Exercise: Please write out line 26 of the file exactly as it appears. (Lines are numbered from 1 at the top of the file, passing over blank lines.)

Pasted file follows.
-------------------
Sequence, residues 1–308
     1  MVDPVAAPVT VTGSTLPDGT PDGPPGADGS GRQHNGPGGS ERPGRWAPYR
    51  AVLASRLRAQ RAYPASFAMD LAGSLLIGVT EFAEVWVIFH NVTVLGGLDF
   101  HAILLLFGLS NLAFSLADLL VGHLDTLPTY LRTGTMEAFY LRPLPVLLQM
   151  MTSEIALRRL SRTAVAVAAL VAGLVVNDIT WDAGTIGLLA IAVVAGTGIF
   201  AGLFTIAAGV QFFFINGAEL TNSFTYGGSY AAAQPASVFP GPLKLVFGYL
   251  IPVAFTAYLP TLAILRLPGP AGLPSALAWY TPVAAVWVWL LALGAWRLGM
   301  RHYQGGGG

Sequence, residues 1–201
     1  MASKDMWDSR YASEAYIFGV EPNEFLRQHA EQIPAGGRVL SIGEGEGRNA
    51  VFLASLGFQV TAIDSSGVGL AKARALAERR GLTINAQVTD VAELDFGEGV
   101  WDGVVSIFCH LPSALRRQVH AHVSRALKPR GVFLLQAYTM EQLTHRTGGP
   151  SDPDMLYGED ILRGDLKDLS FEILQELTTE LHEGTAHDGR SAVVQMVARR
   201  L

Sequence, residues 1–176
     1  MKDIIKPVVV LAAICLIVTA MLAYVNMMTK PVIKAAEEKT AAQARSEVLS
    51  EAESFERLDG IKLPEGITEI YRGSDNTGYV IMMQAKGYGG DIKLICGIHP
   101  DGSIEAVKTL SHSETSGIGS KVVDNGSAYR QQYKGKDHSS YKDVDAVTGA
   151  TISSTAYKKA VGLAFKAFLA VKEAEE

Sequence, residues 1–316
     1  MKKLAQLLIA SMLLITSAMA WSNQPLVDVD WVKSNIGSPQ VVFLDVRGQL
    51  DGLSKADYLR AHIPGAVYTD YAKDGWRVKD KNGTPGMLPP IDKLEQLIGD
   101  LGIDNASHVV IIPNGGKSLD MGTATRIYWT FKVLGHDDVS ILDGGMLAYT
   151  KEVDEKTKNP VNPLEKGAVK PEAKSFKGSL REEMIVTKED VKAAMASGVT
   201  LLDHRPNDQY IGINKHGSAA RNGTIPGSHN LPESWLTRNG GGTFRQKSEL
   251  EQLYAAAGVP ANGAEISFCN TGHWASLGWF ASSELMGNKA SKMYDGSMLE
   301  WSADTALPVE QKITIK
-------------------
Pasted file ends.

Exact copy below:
   251  EQLYAAAGVP ANGAEISFCN TGHWASLGWF ASSELMGNKA SKMYDGSMLE